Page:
TECH NEWS Pro-Trump conservatives are getting trolled in real life by a far-right group

Supporters of President Donald Trump yell at counter protesters outside of a book promotion for Donald Trump Jr. at UCLA in Westwood, Calif., on Nov. 10, 2019.Mark Ralston / AFP – Getty Images

The group is led by a minor celebrity in the alt-right named Nick Fuentes, who runs a YouTube channel called “America First.”

Fuentes’ and his group have gained national attention for a series of identical stunts, in which they take over question-and-answer portions of events with conservatives who align with President Donald Trump. They then confront the speakers with anti-gay, anti-Semitic and racist questions, efforts that resemble internet trolling taken into the real world, which are then streamed online for its supporters.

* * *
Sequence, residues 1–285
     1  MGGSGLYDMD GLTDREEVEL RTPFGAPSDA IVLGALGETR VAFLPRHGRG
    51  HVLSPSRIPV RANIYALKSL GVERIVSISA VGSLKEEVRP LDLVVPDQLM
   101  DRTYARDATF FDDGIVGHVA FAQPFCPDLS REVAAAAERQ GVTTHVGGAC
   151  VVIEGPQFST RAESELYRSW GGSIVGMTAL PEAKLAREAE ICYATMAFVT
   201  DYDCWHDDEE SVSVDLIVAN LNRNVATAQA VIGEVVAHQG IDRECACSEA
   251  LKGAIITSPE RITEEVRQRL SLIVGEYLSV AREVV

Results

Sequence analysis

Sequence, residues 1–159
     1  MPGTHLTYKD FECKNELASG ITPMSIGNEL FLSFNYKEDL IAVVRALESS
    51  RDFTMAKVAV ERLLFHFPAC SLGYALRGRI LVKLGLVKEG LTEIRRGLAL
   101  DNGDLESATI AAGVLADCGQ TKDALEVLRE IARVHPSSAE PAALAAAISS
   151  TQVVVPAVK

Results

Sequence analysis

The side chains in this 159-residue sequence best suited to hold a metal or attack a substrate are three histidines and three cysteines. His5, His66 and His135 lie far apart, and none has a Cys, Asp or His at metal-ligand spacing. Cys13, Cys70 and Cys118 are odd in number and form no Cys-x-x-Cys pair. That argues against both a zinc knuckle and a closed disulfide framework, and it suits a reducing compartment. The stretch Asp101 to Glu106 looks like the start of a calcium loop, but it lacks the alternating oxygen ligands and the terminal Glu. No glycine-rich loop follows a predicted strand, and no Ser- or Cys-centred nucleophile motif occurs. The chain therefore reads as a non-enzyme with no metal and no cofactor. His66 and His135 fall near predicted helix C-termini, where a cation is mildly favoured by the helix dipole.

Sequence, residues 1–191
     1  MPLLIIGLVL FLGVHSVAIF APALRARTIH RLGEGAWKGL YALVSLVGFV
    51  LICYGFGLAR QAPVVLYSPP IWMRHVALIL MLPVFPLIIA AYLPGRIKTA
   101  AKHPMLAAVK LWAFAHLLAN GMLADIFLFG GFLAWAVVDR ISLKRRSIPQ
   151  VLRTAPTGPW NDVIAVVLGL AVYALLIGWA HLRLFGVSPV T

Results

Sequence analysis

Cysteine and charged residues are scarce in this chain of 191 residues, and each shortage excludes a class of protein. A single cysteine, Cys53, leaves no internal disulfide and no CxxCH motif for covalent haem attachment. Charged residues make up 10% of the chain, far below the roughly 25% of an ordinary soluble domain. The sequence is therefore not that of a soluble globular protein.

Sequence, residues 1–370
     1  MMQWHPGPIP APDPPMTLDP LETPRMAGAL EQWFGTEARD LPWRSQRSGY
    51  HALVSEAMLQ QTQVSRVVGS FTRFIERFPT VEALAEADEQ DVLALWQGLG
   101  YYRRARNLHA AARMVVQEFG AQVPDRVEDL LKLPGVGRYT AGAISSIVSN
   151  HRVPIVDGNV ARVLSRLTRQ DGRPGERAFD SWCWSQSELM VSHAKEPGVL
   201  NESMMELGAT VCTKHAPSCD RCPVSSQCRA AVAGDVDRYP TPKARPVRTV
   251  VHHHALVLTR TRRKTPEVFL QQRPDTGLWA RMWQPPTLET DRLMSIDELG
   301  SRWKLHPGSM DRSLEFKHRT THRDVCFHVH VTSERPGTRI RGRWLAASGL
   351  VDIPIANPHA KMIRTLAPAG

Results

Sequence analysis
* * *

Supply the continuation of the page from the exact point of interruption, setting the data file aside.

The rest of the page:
“He’s no less dangerous than Spencer. His time just hadn’t come yet,” Donovan said. “He’s a Holocaust denier, a vicious homophobe, and anti-immigration talking points that’s so bad most journalists are going to read it as trolling. But it’s not trolling. He’s just trying to seed these talking points, and infect the culture with these discussions.”

“What they’re trying to do in these explosive Q-and-A’s is say, ‘Shocking language around race is back on the table.’”

The driving ideology of the group, he said, is even simpler: “We just want to be racist with our friends on Twitter. It’s low commitment for high amounts of racism.”

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